An economist’s warning to stock market investors

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A trader in London waits for European stock markets to open early on June 24, 2016, after Britain voted to leave the European Union. REUTERS/Russell Boyce

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LONDON, April 14 (Reuters Breakingviews) – Economic theory today is far removed from what happens in the real world. His canonical models portray the corporate sector as a single representative enterprise that acts in the interests of its owners. Anyone who has worked in finance knows that these models are artificial. In his latest book, “The Economics of the Stock Market,” veteran economist Andrew Smithers lifts the corporate veil to reveal a world in which public company executives put their own interests first and seek to maximize current stock prices rather than fundamental values. In the United States, their actions have produced an overvalued stock market, excessive corporate debt and inadequate levels of investment.

Smithers, who started working in the City of London six decades ago and once headed the funds management arm of investment bank SG Warburg, comes from a venerable tradition of economists whose theory is shaped by practical experience. David Ricardo began his career as a stockbroker, while John Maynard Keynes was bursar at Cambridge University and chairman of a life insurance company. Economic models, Smithers says, should match known human behavior and be tested by real-world data.

The theory suggests that CEOs have the same interests as shareholders. In reality, they have different priorities. Corporate executives aim to keep their jobs and increase the value of their stock-based compensation.

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If managers aimed to maximize the net worth of their companies, they would issue shares when the cost of equity is low (and shares are highly valued in the market) and use the capital to invest. They don’t act this way because the immediate effect of new investment is to reduce a company’s earnings per share. Along with the issuance of new shares, this tends to temporarily depress stock prices.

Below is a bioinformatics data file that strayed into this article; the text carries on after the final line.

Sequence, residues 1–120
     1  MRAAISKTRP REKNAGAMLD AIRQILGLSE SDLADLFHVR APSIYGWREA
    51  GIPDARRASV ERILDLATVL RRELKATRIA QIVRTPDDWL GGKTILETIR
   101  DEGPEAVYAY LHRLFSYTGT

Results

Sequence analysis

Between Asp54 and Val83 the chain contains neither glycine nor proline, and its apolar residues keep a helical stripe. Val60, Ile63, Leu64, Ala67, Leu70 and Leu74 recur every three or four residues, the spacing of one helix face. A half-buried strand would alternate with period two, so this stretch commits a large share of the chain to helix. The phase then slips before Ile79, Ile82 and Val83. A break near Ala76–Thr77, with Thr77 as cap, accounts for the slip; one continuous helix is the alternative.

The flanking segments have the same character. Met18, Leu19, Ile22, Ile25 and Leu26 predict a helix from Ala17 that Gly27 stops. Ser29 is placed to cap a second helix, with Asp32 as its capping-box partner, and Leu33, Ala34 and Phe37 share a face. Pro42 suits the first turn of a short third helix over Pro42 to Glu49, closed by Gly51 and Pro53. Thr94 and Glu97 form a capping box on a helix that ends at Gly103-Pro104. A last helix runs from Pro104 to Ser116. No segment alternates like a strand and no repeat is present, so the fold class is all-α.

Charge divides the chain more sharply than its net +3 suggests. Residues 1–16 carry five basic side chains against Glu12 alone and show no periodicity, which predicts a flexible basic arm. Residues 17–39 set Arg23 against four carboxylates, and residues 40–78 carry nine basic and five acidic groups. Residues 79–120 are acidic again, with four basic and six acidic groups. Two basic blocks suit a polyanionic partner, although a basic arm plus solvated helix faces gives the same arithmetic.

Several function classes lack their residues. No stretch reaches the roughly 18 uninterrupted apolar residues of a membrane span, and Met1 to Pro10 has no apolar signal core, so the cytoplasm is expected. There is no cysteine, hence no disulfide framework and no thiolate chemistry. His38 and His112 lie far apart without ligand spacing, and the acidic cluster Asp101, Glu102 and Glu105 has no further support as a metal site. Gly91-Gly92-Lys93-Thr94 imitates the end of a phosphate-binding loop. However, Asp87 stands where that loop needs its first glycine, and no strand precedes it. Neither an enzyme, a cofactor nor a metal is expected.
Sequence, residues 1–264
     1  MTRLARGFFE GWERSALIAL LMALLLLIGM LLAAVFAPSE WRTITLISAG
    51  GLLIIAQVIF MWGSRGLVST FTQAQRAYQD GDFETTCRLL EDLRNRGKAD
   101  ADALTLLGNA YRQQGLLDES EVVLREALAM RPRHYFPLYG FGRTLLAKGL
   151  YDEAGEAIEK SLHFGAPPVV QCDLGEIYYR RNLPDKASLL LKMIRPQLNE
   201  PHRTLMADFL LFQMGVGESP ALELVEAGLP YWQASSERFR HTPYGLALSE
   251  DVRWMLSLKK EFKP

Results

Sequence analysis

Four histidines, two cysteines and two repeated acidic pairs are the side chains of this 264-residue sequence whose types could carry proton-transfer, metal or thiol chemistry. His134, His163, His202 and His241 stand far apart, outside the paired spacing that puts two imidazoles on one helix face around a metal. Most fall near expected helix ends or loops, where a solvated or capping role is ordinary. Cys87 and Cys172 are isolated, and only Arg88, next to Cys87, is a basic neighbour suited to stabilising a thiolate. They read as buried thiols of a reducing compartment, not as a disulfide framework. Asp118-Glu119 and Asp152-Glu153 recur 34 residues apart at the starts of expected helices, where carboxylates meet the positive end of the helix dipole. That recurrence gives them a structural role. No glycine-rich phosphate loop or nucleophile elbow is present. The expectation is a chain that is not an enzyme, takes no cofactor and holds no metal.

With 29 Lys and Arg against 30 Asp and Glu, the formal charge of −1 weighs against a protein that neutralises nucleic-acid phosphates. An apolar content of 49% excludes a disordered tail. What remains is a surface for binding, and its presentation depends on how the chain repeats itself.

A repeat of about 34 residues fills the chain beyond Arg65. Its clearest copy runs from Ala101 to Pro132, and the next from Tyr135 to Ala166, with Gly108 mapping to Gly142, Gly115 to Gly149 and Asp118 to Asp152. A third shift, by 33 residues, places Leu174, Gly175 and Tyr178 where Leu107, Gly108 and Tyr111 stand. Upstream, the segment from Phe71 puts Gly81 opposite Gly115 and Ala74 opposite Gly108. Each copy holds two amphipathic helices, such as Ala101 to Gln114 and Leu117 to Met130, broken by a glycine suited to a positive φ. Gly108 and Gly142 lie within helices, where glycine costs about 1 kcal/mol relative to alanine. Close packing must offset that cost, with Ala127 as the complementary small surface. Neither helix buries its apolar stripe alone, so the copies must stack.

Instead, executives prefer to go into debt to buy back shares at inflated prices. Financial theory suggests that the valuation of a company should not change whether it is financed with equity or debt. In reality, debt-funded buybacks serve to drive up stock prices, Smithers says. He also observes that companies seek to maintain a stable ratio of interest payments to earnings. Thus, with the drop in long-term interest rates, American companies took on more and more debt to buy back their shares.

As a result, the valuation of the US stock market has deviated significantly from its fair value, Smithers says. Financial theory denies that we can identify a stock market bubble in real time: future stock price movements are unpredictable. That’s true in the short term, Smithers says. Over longer periods, however, stock market behavior has been anything but random. Over the past 200 years, US stocks have generated an average annual real return of 6.7%. Periods of above-average returns were followed by below-average returns, and vice versa.